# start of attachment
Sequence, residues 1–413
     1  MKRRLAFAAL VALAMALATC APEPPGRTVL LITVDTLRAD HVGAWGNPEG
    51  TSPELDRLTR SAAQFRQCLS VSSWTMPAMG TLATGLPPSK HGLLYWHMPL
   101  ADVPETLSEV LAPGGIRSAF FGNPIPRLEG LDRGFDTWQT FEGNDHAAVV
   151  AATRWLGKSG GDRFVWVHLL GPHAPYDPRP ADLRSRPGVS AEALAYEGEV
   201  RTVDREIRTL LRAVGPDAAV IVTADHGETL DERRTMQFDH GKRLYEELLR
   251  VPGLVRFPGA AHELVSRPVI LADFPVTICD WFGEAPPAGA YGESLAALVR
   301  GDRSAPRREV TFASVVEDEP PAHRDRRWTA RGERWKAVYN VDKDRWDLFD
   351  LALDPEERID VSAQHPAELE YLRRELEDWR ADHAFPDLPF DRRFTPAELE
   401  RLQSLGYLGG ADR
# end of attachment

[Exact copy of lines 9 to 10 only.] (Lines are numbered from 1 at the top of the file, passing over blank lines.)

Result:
   351  LALDPEERID VSAQHPAELE YLRRELEDWR ADHAFPDLPF DRRFTPAELE
   401  RLQSLGYLGG ADR